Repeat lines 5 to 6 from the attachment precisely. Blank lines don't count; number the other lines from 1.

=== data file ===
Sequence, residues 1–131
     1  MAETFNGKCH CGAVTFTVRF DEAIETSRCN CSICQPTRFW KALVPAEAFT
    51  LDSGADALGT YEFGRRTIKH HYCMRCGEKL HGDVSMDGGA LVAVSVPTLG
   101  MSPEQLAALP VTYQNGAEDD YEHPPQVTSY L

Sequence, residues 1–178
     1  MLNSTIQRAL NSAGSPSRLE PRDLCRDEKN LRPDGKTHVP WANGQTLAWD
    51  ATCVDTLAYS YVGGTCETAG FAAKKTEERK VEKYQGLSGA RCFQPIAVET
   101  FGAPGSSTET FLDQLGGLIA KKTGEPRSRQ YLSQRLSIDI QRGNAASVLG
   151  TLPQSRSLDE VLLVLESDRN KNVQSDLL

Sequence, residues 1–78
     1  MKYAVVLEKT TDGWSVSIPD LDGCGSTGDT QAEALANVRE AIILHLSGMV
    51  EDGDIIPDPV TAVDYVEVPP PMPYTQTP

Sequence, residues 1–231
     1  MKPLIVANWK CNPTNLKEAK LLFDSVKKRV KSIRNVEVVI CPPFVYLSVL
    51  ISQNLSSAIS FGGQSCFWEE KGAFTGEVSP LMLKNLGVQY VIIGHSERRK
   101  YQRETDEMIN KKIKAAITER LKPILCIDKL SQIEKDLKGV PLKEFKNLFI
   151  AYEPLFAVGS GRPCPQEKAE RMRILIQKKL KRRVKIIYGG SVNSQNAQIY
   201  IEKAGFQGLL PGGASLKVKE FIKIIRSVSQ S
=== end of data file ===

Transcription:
Sequence, residues 1–178
     1  MLNSTIQRAL NSAGSPSRLE PRDLCRDEKN LRPDGKTHVP WANGQTLAWD